After a few weeks I found this forum and read as much as I could, and also joined a local running club in January. Had some knee pain in Feb time which a physio diagnosed as ITB issues resulting from running too fast all the time and not stretching at all after runs. He gave me some stretches to do and said to keep running but it would slowly get better over a few weeks, and thankfully he was right. After reading lots I eventually realised that slowing long runs down was key, and I got to the start line of London 2016 feeling like I'd probably just about done the bare minimum but was in with a decent chance to break my original 4 hour target, with hopes of maybe going a little faster. I had ideas of 3:45-3:50 but quickly realised that this would be impossible as it was so busy having started in the last pen. Through half way in 1:57 I think it was, struggled a bit in the 2nd half with a couple of walking breaks, had to really dig in after about 20-21 miles, thought my target had gone but managed to convince myself to keep running and got to a mile to go and gave it everything, eventually sneaking home in an official time of 3:59:52. Thoroughly enjoyed the whole experience.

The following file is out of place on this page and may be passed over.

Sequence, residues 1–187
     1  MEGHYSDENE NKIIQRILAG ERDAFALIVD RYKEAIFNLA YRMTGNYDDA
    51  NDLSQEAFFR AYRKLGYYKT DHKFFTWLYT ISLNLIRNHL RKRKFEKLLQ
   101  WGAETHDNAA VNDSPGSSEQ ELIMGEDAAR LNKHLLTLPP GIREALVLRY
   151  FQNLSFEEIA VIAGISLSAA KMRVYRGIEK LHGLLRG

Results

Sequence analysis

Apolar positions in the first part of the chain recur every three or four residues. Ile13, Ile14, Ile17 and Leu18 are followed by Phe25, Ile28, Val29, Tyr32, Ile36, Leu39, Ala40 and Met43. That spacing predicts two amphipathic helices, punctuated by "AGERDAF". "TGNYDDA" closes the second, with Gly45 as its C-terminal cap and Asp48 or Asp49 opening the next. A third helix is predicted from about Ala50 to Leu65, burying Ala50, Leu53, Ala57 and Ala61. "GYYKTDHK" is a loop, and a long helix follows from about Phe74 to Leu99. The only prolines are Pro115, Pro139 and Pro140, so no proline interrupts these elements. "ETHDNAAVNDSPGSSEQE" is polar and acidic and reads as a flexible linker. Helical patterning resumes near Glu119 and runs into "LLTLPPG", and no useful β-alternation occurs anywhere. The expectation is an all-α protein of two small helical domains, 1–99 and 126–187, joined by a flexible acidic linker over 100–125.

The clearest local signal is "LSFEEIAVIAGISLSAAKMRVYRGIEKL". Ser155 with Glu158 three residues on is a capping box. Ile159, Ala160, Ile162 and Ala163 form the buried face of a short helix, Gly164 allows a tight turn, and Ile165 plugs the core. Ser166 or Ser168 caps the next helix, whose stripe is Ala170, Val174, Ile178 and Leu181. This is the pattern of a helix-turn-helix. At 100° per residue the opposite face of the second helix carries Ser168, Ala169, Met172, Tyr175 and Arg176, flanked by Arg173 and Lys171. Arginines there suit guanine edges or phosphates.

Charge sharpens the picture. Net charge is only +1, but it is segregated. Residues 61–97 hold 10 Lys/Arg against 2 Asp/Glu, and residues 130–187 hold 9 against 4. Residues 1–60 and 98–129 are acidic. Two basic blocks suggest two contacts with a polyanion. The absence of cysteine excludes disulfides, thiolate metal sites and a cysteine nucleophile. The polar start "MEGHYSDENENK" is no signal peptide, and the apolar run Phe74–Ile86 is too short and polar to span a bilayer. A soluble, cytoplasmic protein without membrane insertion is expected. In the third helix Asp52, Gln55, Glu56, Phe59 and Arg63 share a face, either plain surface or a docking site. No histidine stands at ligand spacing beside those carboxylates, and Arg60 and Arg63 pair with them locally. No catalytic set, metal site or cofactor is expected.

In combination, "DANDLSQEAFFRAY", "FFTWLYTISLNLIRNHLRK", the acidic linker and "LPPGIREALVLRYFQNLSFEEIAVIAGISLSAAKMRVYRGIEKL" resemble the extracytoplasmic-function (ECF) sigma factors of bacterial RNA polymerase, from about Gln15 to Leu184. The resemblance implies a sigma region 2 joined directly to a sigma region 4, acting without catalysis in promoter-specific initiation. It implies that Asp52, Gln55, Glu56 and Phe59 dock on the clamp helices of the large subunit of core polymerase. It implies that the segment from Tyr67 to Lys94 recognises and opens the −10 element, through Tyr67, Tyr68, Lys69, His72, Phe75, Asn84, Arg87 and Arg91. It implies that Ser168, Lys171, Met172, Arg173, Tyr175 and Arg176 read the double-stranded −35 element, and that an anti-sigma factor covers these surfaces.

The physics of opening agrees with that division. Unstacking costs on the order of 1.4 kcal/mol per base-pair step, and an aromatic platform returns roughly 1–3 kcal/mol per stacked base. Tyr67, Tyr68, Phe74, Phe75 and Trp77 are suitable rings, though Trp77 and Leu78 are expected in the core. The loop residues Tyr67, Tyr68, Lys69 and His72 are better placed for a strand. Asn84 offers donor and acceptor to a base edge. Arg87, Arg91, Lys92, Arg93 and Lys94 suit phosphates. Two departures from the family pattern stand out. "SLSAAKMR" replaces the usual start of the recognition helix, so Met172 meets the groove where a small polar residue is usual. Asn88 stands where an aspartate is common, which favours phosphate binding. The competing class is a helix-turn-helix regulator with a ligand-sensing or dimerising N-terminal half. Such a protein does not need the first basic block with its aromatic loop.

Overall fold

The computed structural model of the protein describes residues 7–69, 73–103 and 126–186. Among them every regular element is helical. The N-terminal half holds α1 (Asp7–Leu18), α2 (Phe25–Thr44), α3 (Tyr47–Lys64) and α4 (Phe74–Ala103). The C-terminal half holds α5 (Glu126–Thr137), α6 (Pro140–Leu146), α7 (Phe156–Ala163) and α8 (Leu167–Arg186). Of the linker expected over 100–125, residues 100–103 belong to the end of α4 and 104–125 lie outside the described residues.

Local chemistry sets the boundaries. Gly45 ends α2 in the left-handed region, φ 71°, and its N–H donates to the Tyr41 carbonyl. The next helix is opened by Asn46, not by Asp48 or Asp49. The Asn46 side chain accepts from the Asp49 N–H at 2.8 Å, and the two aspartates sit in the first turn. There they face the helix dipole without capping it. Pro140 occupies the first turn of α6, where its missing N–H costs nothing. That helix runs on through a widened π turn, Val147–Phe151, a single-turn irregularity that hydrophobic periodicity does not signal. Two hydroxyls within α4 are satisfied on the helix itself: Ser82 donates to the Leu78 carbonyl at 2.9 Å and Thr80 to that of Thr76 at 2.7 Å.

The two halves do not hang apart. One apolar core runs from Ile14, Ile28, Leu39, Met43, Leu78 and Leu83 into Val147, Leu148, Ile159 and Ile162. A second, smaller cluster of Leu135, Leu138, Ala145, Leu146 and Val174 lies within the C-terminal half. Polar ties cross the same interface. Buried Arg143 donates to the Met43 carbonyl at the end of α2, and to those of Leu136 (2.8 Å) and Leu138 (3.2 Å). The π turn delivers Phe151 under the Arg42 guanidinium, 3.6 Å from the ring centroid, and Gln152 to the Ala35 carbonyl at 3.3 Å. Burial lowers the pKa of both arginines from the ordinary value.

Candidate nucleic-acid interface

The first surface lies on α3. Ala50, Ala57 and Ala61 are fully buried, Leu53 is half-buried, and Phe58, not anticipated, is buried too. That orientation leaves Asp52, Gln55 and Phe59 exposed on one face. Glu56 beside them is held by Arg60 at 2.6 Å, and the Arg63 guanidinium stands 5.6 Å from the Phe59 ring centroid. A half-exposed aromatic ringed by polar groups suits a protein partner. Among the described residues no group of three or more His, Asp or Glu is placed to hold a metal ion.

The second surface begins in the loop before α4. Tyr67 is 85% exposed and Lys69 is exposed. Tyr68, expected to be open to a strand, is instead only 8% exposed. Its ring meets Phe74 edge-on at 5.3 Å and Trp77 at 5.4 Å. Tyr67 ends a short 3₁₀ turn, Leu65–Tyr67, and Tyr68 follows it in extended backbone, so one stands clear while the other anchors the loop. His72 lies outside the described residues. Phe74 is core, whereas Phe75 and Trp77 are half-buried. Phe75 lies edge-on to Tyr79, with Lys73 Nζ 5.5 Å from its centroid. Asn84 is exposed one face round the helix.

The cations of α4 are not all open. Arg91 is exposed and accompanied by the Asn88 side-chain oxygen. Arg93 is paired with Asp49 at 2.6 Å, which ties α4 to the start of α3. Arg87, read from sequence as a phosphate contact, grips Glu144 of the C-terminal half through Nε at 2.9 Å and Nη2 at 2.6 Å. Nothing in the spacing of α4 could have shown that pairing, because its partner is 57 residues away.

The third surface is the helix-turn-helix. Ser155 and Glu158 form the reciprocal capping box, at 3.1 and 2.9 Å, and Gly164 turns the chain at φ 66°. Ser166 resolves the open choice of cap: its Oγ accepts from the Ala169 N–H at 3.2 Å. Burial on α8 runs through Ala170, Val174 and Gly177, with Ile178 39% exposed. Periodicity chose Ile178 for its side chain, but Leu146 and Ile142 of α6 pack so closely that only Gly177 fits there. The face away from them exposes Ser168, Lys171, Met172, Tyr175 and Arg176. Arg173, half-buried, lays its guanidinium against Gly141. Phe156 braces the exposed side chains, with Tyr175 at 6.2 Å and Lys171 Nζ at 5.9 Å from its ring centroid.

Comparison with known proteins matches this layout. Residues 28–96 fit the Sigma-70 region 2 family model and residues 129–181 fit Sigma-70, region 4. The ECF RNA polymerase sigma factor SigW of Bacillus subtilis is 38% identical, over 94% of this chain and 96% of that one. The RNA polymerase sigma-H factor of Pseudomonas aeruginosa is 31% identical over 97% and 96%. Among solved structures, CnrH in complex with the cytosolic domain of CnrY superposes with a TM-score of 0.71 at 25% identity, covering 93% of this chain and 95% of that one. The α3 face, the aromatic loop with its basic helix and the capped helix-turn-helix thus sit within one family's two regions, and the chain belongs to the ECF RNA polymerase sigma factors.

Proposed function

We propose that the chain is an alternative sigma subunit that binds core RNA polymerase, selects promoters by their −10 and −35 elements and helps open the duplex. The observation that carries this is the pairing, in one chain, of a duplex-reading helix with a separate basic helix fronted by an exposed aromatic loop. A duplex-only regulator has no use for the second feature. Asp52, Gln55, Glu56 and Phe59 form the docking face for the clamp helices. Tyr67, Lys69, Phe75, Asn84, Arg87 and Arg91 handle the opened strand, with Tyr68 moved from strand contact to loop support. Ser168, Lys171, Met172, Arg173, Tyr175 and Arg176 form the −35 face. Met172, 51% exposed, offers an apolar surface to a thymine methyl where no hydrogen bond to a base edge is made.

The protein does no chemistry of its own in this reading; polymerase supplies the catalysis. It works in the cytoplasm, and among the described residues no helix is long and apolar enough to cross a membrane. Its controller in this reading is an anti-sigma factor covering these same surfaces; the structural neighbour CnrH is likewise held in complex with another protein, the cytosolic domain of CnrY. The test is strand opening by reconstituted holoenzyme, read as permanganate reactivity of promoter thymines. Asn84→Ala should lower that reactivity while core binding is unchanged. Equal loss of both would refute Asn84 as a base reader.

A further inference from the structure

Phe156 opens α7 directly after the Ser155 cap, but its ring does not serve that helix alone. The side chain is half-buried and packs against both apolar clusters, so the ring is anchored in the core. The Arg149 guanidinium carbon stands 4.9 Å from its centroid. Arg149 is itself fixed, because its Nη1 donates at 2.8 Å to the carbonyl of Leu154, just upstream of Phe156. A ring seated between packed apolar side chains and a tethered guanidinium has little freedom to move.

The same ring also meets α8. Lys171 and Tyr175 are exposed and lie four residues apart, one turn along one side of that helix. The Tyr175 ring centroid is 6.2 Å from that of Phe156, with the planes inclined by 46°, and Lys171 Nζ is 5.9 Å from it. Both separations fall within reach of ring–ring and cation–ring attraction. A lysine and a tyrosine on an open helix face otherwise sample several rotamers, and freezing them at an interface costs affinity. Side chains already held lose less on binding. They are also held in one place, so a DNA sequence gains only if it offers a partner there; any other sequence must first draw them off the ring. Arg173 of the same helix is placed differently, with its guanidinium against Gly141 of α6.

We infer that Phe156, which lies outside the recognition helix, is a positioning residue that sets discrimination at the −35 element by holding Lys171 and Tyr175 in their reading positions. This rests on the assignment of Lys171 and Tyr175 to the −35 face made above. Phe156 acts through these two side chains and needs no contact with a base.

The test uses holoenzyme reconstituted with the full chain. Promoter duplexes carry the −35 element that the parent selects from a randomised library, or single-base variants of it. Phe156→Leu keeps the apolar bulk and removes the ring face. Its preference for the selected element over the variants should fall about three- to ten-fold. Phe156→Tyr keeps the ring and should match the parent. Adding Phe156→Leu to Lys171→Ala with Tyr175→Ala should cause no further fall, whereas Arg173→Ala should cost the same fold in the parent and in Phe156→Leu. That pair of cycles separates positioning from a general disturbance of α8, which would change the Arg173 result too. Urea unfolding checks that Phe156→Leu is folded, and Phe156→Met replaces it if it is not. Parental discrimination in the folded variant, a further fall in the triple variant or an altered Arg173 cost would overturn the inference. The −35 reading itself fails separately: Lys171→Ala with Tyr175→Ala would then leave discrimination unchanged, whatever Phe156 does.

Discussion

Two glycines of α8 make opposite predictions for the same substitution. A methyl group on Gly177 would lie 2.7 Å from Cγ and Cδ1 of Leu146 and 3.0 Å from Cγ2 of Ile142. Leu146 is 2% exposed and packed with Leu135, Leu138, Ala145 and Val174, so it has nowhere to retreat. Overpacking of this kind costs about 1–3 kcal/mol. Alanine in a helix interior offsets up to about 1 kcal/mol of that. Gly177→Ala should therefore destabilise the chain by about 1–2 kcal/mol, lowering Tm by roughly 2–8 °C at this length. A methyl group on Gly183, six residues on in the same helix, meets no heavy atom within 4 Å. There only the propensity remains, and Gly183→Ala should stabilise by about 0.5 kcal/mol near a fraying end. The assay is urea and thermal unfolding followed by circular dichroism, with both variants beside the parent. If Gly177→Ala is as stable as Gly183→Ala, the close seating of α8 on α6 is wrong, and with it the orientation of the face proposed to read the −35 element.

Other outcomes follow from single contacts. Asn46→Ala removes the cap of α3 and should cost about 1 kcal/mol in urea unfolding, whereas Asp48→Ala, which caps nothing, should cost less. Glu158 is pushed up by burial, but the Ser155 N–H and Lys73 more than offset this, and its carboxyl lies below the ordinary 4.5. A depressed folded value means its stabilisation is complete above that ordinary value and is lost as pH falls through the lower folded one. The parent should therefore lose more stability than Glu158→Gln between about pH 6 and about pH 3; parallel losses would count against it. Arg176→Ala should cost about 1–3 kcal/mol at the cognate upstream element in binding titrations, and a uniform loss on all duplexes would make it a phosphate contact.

In the summer I got a bit lazy and only ran about once a week, but then entered another marathon to give me some focus and loosely followed a MyAsics plan for Manchester Marathon 2017 with what felt like an ambitious target of 3:30. Being much less of a novice I felt I trained a lot better, and obviously started from a better point, and got a big PB of 3:24:59. Training had actually gone so well that I felt 3:30 was "in the bag" and on the day had a stab at 3:15, this went well for 19/20 miles then my legs started cramping which just got worse and worse, so again the last few were tough. My times at other distances have all come down as well, I seem to be better at shorter distances though I think that changes when I get a few weeks of decent long runs in.

    This summer I have run a lot less again, though this time due to having a baby rather than being lazy. Trying to keep getting some runs in where I can with an idea of maybe doing a spring marathon next year, but will decide nearer the time as I haven't quite figured out if I can make the logistics work to get enough runs in. Mostly running about twice a week at the moment.
  • Ian5Ian5 ✭✭✭
    Looks like they'e changed the London club places.
  • NickW2NickW2 ✭✭✭
    Well done to the weekend racers, in particular a great time from Big G getting another sub 4 :smiley: